Glyph of the word 'hiku'.


  • (n.) pile, heap, mound

Oku olomo i ipe hiku o temi.
“Don’t walk on that pile of bones.”

Notes: This is the word that gave birth to the term hikuiku, which describes a word comprising two or more iku. It just means “pile” in the sense of…”pile”. Nothing very fancy about it (well, unless it’s a pile of something valuable, like gold bars). Unlike the English word “pile”, it can also be used with mass nouns, so you can say hiku o ta, “a pile of sand”.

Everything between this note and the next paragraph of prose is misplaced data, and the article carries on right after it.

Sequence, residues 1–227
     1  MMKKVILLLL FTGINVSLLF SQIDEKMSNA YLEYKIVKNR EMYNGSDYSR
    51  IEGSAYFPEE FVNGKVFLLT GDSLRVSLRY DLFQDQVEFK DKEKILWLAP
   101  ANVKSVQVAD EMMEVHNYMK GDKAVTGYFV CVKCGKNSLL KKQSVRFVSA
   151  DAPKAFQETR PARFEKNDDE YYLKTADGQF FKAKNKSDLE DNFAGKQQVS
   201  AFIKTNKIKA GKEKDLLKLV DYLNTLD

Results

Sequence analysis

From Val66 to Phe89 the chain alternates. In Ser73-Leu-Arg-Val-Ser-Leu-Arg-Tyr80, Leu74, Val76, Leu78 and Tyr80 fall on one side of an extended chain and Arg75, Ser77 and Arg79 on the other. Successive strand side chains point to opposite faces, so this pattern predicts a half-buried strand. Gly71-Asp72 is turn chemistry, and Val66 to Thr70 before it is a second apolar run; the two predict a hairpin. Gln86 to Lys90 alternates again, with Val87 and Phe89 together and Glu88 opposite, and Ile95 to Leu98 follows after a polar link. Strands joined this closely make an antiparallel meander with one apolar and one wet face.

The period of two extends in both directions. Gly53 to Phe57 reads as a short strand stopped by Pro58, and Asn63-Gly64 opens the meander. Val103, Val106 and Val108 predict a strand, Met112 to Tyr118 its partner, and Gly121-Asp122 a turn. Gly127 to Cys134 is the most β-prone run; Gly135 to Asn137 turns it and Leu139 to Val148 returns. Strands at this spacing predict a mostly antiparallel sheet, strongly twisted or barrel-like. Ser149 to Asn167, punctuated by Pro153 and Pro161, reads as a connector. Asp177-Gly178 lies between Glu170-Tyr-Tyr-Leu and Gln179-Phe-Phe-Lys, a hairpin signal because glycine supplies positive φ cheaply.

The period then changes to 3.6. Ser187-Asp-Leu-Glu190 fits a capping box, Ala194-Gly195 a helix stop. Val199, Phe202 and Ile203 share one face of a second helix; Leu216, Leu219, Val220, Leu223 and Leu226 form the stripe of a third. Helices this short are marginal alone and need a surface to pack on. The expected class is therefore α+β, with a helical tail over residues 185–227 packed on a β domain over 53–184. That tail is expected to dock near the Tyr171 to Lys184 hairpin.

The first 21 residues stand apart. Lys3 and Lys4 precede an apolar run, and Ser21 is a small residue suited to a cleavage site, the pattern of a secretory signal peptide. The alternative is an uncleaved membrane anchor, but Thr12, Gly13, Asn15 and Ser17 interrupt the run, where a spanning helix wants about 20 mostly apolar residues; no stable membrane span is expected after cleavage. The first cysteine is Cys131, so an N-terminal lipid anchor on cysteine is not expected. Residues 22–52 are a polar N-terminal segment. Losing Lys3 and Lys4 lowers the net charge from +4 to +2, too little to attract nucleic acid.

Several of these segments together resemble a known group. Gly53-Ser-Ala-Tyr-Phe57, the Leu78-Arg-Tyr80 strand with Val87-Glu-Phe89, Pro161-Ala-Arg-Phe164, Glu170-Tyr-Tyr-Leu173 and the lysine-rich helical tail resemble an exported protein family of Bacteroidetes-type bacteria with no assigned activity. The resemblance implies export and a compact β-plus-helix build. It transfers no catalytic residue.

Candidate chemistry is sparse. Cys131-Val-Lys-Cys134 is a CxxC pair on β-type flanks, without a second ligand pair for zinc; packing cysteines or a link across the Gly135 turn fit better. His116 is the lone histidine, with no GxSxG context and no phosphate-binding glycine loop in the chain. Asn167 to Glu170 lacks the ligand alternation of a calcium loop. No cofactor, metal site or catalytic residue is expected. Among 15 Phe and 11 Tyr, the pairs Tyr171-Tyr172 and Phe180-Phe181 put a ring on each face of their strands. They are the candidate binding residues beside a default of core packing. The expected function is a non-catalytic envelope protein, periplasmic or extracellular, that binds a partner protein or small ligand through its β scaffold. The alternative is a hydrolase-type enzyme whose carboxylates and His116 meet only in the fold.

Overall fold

Actually, I’m having a syntax class moment… Is “pile of sand” infelicitous in English? I know “pile of ice cream” is. Oh dang. Or is it…?! Wow. My English grammar thing has just gone haywire. Hooray! :D

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One Response to “Hiku”

  1. Ka kavaka Anthony ti:

    my 2 cents:
    in the dialect of English I learned, it’s not infelicitous:
    a) “she piled (up) the sand.”
    b) “he looked at the pile of sand.” (often “mound of” instead, though)
    c) “he piled (on more) ice cream.”
    …I think the only thing that stops it from being “a pile of ice cream” is that ice cream is normally stacked, while a pile is less stable and more likely to turn pyramidal or into a mess.

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